The genetic evidence proves that there was no interbreeding between Cro-Magnons and Neanderthals - as this article states ;
But this applies only to Cro-Magnons - the ancestors of all Modern White Europeans who evolved in Europe around 60,000 - 40,000 years ago.
Now this evidence states that breeding with Neanderthals did occur but only with those populations around the North African coast and with human populations in eastern Asia.
Therefore the Cro-Magnon people are not just an offshoot of Homo Erectus, we are a Homo-Erectus only hominid species - unlike the North African and Eastern Asia contemporary populations.
Cro-Magnons have NO Neanderthal DNA - and modern Europeans are descended solely from Cro-Magnons.
The North African populations are a mixture of Homo Erectus and Neanderthal as are those from Eastern Asia.
The DNA evidence shows that DNA from a separate hominid species, the Neanderthals, is present in those human populations and was transmitted on two occasions.
Therefore their is a species differential as well as a genetic differential.
Perhaps we have evidence here of a racial difference - with the North African populations related to African populations and the Eastern Asia to oriental populations ?
This rewrites the entire history of humanity.
But dont expect it to be taught in your schools.
We may all be a little bit Neanderthal as study finds species interbred twice with humans
By David Derbyshire
Last updated at 4:34 PM on 22nd April 2010
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It won't come as a surprise to anyone wandering around Britain's city centres late on a Friday night. But scientists have discovered that most people have a little bit of Neanderthal man in them.
A major DNA study suggests that our ancestors interbred with the Neanderthals at least twice tens of thousands of years ago - and that their genes have been carried down the millennia ever since.
The discovery adds to the mystery surrounding the Neanderthals, an offshoot of the human family tree who vanished in Europe around 25,000 years ago.
A new study suggests that most of us have some Neanderthal genes in our DNA. Scientists believe our ancestors may have bred twice with the extinct species
Some researchers have argued that the Neanderthals were driven to extinction by modern humans. But others say the two species merged.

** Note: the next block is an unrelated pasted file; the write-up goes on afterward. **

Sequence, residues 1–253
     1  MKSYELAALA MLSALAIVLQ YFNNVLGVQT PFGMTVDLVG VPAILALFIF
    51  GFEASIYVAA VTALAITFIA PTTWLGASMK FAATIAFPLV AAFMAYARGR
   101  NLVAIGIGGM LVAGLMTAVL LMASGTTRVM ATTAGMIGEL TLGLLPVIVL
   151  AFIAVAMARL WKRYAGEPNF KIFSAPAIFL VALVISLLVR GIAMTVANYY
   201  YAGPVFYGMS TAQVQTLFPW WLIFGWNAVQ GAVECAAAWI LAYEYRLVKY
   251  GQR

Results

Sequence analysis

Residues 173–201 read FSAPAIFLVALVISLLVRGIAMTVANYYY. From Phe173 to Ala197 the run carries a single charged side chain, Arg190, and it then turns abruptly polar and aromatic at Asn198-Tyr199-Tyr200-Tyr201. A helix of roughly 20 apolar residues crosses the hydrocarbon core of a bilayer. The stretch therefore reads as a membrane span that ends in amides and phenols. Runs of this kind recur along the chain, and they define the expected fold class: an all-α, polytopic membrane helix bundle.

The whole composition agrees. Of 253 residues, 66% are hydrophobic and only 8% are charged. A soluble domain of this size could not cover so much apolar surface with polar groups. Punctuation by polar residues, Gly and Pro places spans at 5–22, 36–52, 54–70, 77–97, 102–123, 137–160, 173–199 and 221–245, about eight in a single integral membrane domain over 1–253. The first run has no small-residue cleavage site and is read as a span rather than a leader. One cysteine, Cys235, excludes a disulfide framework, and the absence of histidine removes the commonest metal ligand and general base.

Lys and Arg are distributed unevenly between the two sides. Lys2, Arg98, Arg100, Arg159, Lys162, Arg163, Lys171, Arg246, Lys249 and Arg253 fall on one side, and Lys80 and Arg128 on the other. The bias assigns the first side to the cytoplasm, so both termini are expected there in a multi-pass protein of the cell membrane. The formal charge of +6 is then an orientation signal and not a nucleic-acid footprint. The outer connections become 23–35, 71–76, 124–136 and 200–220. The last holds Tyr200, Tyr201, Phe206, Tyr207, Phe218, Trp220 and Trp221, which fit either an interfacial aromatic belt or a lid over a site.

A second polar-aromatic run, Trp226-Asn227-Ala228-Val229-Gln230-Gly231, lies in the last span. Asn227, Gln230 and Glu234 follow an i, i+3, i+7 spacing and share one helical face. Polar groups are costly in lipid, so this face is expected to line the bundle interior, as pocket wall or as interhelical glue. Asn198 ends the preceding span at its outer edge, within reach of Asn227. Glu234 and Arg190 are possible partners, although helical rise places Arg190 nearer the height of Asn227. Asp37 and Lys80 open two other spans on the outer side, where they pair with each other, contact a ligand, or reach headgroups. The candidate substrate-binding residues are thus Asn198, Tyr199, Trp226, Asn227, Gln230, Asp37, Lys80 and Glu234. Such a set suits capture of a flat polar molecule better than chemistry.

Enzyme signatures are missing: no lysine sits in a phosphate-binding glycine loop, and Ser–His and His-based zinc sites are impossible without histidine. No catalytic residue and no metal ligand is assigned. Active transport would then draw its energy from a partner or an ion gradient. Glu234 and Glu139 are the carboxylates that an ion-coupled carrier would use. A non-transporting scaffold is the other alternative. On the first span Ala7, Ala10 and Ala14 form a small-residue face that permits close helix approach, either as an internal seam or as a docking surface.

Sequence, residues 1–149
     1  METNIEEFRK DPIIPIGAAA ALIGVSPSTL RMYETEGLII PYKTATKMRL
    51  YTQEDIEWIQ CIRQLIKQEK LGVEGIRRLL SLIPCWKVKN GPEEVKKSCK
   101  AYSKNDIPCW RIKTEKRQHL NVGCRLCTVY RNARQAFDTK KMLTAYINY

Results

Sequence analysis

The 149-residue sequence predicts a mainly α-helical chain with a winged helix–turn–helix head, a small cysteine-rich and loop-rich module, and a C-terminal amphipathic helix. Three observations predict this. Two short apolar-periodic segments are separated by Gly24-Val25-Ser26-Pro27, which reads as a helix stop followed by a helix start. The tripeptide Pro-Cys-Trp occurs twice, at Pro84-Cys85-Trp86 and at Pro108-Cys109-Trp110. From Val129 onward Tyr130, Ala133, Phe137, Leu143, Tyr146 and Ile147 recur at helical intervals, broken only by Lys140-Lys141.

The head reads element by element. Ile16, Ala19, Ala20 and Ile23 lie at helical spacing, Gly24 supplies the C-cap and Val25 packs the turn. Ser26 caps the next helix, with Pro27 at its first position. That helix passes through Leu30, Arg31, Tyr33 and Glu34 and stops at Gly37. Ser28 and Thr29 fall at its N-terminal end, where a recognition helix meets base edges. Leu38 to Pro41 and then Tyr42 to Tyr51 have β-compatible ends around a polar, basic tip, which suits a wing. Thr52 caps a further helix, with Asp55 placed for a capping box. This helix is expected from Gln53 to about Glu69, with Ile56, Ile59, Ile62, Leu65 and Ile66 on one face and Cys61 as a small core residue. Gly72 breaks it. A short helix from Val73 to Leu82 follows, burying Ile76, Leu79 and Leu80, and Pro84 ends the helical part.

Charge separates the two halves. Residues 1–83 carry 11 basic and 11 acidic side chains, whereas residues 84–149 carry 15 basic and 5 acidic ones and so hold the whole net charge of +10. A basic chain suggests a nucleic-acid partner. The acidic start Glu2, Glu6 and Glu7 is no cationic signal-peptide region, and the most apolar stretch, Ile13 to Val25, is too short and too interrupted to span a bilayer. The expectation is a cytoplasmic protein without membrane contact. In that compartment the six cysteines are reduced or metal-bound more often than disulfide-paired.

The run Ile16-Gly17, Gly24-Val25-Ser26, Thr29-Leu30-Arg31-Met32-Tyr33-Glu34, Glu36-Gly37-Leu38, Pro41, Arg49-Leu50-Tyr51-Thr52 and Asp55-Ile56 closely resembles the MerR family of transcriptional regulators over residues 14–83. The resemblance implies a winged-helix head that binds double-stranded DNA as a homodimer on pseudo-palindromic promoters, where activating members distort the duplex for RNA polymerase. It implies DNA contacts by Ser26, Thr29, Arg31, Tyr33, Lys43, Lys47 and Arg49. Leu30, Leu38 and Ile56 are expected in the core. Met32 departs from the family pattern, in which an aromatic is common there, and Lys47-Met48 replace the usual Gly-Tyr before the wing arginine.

The new findings come from a genetic analysis of nearly 2,000 people from around the world.
Dr Jeffrey Long, a genetic anthropologist at the University of New Mexico, who carried out the study, said: 'It means Neanderthals didn't completely disappear.'
He added: 'There is a little bit of Neanderthal left over in almost all humans.'
Many scientists believe that modern humans evolved in Africa between 200,000 and 100,000 years ago. Our ancestors left Africa around 60,000 years ago and migrated around the world - replacing other branches of the family tree which had left Africa earlier - including the Neanderthals.
By 25,000 years ago the Neanderthals had vanished from Europe.
Some experts believe they interbred with modern humans, others that they were driven to extinction by changing climate or competition for food.
The latest study looked at DNA from 1,983 people living in Africa, European, Asia and the Americas.
Scientists, led by Dr Sarah Joyce at the University of Mexico, then created an "evolutionary tree" to explain how and when differences in the DNA between people from around the world appeared.
She found that the best explanation was if there were two periods of interbreeding between modern humans and another human species - and that Neanderthals were the only likely candidate.
One period of interbreeding occurred around 60,000 years ago in the eastern Mediterranean, the other around 45,000 years ago in eastern Asia.
The two events happened after our ancestors migrated out of Africa to colonise the rest of the world. The researchers found evidence of interbreeding between Neanderthals and modern Africans - supporting the theory.
The findings were presented at the American Association of Physical Anthropologists conference in New Mexico and have triggered huge excitement among experts in human evolution.
Dr Noah Rosenberg, an anthropological geneticist at the University of Michigan in Ann Arbor, told the journal Nature: 'They are onto something.'
The findings support scientists who believe there is evidence of interbreeding in fossils.
Neanderthals had thick set features and heavy foreheads. They were around six inches shorter on average than modern people, but their brains were 20 per cent bigger.
In recent years, scientists have found evidence that they were more sophisticated than their popular image, and may have developed language.
They used flint and stone tools, and were excellent hunters. They supplemented their diet of deer, bison, boar and bear with seal, fish, shellfish, nuts, grains and plants.
It may not take long for the new theory to be proved.
Other researchers from the Max Planck Institute, led by Svante Pääbo, completed the first draft of the complete Neanderthal DNA last year.
The results are expected to be published soon and may shed more light on breeding between the two species.
Read more: http://www.dailymail.co.uk/sciencetech/article-1268003/Neanderthals-humans-interbred-twice-scientists.html#ixzz0lrNB377F